The final piece in our series Is It Time for Intervention? focuses on cognitive changes. I chose to do it last, because cognition tends to get the most attention. Changes in other areas are often missed or attributed to something outside of dementia.



Even signs of cognitive changes are often brushed off. We tell ourselves that it must be something else, because it’s too painful to allow ourselves to think it really could be dementia.

And of course, it may not be dementia.

Older adults with depression or a vitamin deficiency or urinary tract infection or impaired thyroid function may exhibit symptoms that mimic dementia.

On the other hand, if it is dementia, any of these other conditions will exacerbate dementia symptoms. This is why it’s important to always promptly seek medical attention. 


Signs of Cognitive Change

Sign: Inability/difficulty doing familiar tasks

Why it’s a big deal: Because that’s not normal, and there’s a reason. Another way to say “familiar tasks” is the more geek-speaky “instrumental activities of daily living.” These are things like making a phone call, doing laundry, paying bills, and preparing meals.

None of that seems like a big deal…unless someone is unable to do them. In that case, a situation turn unpleasant or even life-threatening.

When to intervene: As soon as you notice signs this is the case. It usually looks like one or more of the following: piles of unwashed laundry; not wearing clean clothes; a sink full of dirty dishes; utility service cut off; empty cupboards, pantry, or refrigerator.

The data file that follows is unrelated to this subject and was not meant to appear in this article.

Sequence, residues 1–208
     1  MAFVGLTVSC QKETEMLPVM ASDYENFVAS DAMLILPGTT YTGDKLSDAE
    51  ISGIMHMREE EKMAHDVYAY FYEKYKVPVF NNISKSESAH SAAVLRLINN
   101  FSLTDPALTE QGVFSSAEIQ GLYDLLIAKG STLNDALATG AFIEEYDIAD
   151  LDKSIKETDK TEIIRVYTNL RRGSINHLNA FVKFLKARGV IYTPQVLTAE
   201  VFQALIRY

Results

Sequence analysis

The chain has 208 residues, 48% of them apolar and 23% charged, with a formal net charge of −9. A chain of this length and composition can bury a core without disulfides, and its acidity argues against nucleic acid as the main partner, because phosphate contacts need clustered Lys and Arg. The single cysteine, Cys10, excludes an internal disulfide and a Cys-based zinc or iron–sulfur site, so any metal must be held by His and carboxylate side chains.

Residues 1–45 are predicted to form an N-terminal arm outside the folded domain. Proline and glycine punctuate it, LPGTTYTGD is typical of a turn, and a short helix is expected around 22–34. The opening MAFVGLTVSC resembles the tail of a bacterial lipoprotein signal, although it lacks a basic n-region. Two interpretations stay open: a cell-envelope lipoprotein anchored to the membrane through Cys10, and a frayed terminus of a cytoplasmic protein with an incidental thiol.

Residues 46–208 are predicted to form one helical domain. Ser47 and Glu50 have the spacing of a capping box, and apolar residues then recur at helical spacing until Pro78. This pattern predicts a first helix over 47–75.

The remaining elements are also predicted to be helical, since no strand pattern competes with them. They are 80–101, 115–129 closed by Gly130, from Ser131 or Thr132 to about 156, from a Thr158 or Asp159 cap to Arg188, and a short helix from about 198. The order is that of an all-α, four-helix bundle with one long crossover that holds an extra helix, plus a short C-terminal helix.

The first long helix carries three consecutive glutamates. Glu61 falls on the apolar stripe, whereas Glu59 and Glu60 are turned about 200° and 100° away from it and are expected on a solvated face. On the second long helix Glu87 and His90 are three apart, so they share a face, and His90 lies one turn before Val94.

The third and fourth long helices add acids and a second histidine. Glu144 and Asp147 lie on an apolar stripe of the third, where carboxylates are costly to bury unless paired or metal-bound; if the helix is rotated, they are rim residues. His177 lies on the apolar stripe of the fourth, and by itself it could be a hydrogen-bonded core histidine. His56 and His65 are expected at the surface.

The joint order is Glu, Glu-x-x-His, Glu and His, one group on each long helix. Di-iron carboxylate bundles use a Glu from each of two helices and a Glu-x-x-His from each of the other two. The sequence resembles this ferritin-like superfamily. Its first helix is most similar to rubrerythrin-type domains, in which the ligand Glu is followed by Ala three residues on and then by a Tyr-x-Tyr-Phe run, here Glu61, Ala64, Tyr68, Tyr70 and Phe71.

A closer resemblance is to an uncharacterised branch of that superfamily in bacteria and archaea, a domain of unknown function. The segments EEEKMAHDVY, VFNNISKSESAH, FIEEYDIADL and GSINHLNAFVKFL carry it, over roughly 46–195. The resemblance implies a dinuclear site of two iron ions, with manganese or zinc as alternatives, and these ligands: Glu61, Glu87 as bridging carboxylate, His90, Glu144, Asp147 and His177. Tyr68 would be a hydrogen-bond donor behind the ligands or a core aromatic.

Intervention quick tip: Rather than giving in to a panicky confrontation that can come across as anger to your person, jump in to help. Don’t ask if you can, just start doing. Better yet, get your person involved. Then be open for conversation.


Sign: Inability/difficulty coping with familiar situations

Why it’s a big deal: It’s one thing to successfully navigate international travel when you’ve never done it before, or driving downtown in a major city when you rarely do that. It’s another thing entirely to get disoriented in the grocery store you’ve been shopping in for years.

People who are in the earlier stages of cognitive impairment will often start to withdraw as familiar situations become increasingly difficult. Younger people are often still working, and it will manifest as poor work performance.

If your person is suddenly unemployed (especially from a job they formerly loved), or the go-to supermarket is suddenly an awful place, take heed. A primary defense mechanism is heaping blame on external forces that were never an issue before.

When to intervene: As soon as you’re aware of it, move forward with making a doctor appointment. Go to a PCP first if your insurance requires a referral. Otherwise, proceed directly to a neuropsychologist and/or neurologist.

Intervention quick tip: Detail your concerns prior to medical appointments. See the template at the end of Talking to Professionals to assist with keeping your thoughts (and subsequent medical appointments) on track.


Sign: Word-finding difficulty

Why it’s a big deal: Everyone pauses to search for a word occasionally. The problem is when it becomes a pattern or when it’s a common word or when it’s a sudden-onset problem.

When to intervene: Sooner rather than later–and I say this knowing most people won’t do it. Word-finding difficulty could be a sign of cognitive loss, or a stroke, or a tumor. The point being, something isn’t right, and medical intervention is necessary to determine the root cause and treatment going forward.

Intervention quick tip: Ask for clarification. If your person says, “Please, pass the salt,” while motioning toward the pepper, ask if she means pepper. Then watch for the reaction. Typically the bigger the reaction, the more serious the need to take this sign seriously. (On the other end of that, a blank look in response is also cause for concern.)


Sign: Delayed speech or cognitive processing